Still sad there is little to no effort to monitor/preserve what little remains of Punjabs wildlife...

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As a teenager I kept Laggar Falcon and She was not small.I even met some Falcon experts Who said that Falcon is always a Female as Female Falcons have big size ,so all Falconory Experts Keep females.I must say that despite any knowledge I was able to train her so when I used to show her meat she always use to come to sit on My arm.I had also made special leather Gloves as she had very sharp claws.

Also I asked My Dad's cousin about falcons and he said that there are shikra(sparroh hawks) in Punjab Which Nihangs keep ,he also told me avbout some Big Falcon But he don't knew his name

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KDSingh, what did you feed your Falcon? Did you train her to hunt..? How did you keep her housed through out the day etc.. Is she still alive, if not, how long did she live?

I used to feed her Chicken and mutton.Some falcon experts then told me That you have to shoot some Pigeons and other birds as birds of prey do need to eat these birds O/W they die.I shot some Birds and feed her.I was not able to teach her how to hunt.At First I clipped her wings and tied her with ropes.But after she became friendly I used to keep her in store room untied.Anyway a year later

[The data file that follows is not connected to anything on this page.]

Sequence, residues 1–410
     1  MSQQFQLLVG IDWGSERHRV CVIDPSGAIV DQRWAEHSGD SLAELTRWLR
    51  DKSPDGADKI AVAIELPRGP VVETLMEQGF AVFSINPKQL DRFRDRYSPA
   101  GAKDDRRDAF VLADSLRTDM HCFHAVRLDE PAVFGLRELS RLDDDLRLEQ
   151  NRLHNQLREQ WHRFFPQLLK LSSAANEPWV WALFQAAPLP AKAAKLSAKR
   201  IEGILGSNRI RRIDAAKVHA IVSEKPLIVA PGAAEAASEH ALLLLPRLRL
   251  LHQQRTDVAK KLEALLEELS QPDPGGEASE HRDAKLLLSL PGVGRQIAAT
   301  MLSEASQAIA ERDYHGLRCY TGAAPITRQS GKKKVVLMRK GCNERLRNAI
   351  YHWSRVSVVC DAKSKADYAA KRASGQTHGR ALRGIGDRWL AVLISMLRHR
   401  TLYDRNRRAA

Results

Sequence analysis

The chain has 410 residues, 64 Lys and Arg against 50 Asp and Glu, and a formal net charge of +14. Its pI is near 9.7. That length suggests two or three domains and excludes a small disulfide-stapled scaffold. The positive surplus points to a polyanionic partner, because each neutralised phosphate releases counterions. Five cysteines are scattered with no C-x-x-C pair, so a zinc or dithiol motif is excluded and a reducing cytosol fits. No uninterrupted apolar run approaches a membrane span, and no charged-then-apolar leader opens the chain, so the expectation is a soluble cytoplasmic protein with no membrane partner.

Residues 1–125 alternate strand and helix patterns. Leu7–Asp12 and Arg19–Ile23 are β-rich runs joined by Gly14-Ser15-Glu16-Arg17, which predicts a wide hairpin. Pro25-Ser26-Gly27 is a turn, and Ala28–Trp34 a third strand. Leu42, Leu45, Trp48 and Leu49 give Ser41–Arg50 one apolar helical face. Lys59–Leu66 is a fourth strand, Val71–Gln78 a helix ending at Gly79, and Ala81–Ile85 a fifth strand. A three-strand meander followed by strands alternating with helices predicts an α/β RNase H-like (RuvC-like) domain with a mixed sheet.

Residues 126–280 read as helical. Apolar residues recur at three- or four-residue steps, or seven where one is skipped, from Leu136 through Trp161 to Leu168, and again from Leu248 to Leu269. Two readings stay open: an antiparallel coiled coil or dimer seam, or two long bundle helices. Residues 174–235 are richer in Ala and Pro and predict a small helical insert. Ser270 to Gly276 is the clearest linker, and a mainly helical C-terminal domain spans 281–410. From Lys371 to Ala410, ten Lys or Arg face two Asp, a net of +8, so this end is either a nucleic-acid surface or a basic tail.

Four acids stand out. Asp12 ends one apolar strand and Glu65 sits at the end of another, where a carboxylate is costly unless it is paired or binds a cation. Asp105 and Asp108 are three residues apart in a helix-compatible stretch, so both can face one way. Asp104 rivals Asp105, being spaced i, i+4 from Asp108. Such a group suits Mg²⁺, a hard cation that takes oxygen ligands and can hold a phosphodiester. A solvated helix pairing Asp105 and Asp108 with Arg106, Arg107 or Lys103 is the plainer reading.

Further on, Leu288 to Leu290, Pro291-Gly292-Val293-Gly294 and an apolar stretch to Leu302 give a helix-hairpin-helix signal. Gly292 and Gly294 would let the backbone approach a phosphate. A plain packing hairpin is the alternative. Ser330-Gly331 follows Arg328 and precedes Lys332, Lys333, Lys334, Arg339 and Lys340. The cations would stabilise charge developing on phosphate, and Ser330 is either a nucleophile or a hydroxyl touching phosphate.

my health badly declined so I decided to let her go but She refused.I committed One mistake and that cost her life.The experts told me that though this bird is capable of defending herself against cats but its still better If you make some Cage for her as some big cat could kill her ,but i did not take their advice seriously as I myself have seen her shooing cats away.One day when i went their I was unable to found her .I was quite surprised I thought may be she had gone or hopped in neighbours house but later I found Few feathers I think that their is 99% chance That she was taken by a Big Cat or may be She left on her Own